Dry Bak Kut Teh has been a crazed for a few years now in Malaysia.
Even before I encounter it in restaurants, I have always imagined that a dry version of BKT should work nicely, a sort of braised pork ribs in herbal sauce.
Of late, it has been a crazed in local BKT joints here. With some tips from my friend (Jabez) who owns the Soon Huat Bak Kut Teh, I did try making it in Toronto but I did not quite have the right ingredients. When I got back here, I gave it a go and I was satisfied with it.
Today is the last day of my six-month Sabbatical. I am grateful to all who have made this season possible, and to my Lord for His grace and gifts. I had an amazing time in Toronto and other parts of Canada. Having made new friends there, I hope to return one day.
While the food in Toronto is quite good, it was difficult to create some local dishes such as hor fun (flat noodles) as the texture quality of the hor fun there is different. I thought it "cool" that today I could cook a nice dry version of hor fun for the family before I get back to the reality of life and work tomorrow.
Your mum or grandma must have made some curry puffs that you miss so much.
Commercial ones are not the same. You know that.
We are so busy, huffing and puffing, that the idea of patient pastry recipes like these have become feint memories and a lost tradition. Thus we stuff ourselves with "chunky" ones (sorry, can't resist the pun) and moan about the good old times.
"Wha ah, kali paff tis days tass so bad? I miss my po-po's." (With a mouth full of pastry and mashed potato, it can be hard to speak Singlish properly.)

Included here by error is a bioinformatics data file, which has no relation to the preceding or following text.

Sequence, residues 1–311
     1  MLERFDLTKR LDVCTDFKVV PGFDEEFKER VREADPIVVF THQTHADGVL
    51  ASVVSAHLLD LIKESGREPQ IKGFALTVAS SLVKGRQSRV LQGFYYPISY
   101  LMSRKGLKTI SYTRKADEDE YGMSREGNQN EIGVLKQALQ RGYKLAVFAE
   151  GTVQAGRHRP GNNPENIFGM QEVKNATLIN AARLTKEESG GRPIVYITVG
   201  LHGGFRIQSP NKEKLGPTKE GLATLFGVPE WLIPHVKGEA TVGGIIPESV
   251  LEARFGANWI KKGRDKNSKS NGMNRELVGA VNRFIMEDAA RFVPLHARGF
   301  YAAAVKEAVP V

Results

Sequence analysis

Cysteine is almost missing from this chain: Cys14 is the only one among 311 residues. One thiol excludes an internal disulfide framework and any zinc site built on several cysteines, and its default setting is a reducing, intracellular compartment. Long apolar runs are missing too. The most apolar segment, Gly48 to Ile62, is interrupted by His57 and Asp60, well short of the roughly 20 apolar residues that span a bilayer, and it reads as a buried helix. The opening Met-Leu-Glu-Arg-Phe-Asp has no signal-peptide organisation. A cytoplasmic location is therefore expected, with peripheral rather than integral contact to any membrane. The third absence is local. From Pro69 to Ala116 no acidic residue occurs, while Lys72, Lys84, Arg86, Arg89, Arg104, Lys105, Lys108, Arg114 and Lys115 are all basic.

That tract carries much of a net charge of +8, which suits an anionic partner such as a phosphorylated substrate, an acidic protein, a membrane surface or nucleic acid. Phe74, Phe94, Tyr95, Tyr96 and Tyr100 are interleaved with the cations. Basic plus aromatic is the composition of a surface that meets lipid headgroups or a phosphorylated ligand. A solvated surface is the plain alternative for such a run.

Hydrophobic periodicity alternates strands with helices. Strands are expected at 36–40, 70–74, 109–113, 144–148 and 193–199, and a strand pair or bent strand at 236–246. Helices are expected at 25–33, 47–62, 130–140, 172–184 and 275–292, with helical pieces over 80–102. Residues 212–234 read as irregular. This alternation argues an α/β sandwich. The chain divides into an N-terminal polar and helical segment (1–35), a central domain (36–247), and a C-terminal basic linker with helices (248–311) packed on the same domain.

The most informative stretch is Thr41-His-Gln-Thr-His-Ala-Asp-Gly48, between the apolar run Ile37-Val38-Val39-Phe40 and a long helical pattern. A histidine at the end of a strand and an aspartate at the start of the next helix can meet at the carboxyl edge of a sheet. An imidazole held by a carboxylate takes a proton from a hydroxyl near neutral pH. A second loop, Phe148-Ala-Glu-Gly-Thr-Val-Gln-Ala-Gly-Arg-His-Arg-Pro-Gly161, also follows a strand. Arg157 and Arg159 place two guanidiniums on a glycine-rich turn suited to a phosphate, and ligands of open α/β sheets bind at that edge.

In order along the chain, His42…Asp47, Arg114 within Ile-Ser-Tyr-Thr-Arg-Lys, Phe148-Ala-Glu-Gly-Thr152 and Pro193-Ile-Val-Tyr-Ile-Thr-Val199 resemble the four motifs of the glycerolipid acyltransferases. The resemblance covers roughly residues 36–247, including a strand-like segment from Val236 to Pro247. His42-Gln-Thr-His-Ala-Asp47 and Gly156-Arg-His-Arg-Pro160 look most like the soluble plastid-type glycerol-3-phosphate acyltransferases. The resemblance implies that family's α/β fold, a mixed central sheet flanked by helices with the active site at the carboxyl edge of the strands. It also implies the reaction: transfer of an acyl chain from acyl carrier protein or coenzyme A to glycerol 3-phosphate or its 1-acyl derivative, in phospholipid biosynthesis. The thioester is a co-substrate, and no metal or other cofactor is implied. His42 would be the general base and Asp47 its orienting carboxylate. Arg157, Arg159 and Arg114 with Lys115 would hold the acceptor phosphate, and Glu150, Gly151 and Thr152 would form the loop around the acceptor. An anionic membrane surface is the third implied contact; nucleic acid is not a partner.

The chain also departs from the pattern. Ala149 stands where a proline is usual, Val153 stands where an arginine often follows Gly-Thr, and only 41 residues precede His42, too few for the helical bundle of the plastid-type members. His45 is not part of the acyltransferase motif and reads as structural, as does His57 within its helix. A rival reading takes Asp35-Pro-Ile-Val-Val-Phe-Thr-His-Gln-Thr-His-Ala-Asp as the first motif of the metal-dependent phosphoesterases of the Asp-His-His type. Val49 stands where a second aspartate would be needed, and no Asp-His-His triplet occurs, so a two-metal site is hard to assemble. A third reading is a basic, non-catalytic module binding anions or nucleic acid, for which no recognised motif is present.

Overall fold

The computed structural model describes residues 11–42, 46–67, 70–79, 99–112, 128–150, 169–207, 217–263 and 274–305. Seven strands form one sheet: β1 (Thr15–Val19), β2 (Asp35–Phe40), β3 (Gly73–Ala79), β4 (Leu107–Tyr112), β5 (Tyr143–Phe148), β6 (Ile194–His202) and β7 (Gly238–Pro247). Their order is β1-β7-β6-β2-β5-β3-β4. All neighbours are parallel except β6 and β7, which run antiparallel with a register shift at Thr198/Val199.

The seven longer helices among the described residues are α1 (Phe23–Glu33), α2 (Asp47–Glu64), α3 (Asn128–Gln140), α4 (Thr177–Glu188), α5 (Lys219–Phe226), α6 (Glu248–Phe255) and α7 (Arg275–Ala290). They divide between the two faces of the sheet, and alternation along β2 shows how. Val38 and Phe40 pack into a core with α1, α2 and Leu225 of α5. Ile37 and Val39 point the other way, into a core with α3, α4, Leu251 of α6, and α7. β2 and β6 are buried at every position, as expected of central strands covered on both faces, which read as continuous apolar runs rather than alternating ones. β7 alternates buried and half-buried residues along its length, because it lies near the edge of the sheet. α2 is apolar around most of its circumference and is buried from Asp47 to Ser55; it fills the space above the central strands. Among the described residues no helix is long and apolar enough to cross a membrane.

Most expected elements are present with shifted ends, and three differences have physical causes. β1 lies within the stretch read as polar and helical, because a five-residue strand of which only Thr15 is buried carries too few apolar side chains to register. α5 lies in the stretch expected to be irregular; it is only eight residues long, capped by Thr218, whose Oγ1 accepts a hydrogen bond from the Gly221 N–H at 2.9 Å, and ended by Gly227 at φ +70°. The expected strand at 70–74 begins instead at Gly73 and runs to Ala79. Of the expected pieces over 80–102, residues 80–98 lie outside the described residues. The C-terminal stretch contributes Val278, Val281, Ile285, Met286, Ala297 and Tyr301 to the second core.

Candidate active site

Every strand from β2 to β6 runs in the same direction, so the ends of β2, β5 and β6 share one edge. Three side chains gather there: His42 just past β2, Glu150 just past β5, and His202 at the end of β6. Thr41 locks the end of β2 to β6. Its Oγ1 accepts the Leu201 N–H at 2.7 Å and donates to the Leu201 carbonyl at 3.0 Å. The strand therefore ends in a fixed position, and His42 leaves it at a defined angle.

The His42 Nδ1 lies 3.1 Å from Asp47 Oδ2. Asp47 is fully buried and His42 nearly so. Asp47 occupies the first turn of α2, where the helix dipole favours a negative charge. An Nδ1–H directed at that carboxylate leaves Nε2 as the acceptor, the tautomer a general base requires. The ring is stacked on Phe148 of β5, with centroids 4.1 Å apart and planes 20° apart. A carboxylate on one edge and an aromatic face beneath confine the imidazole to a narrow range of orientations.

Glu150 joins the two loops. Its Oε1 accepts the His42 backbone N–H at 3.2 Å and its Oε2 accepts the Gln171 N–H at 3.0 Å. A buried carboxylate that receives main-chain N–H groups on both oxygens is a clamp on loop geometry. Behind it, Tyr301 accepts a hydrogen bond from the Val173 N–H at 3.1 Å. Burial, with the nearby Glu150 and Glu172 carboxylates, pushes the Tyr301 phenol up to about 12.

Making curry puffs may sound like a lot of work for most. And having tried it, I can tell you it is not for the lazy. But my Mum's version has delighted many.
I have here a version of rempah fried chicken the Malay way which has pleased many of my guests. It is actually quite simple to make. And it goes very well with nasi lemak.
The first step involved is marinating it. Use ground spices and the fresher they are, the better. Buy fresh grounded ones or use seeds and grind them. Like coffee beans, spice seeds just keep the flavours better, especially in our humid tropical weather.
As for the chicken, cut into larger pieces. The drumsticks and wings should be kept whole. Larger cuts help to keep the meat moist inside with a crisp exterior as you deep fry.
I have just returned from spending 5 months in Toronto, Canada as a part of my Sabbatical break. This is also one reason I was blogging less. I met many wonderful friends in Toronto and there are many good things about the city which I hope to write about soon.
Being a food blog, it is back to food. And I am back to my home and familiar kitchen environment. I was early at the wet market this morning and was glad to come across some pork jowl (or cheek). It is not displayed and you have to ask the butcher for it.
Using my Mum's Char Siew recipe (here and here - I have been blogging Char Siew recipes ad infinitum!), I patiently braised the cheeks till I got the right texture. The result is a tender succulent CS with a nice "bounce" to the bite. Do cook it on low fire and be patient.
I am blogging this recipe for a Canadian friend who had visited Singapore before and was missing the food there, especially laksa. She wanted to learn how to make it.
It is was not difficult to make the laksa broth. Make the chicken stock and then combine with the rempah (curry paste).
What was more challenging cooking it was using whatever ingredients I could find in Toronto and having to do it within the limitations of a hostel kitchen. I will describe the recipe here and the options one can take to improve or simplify it.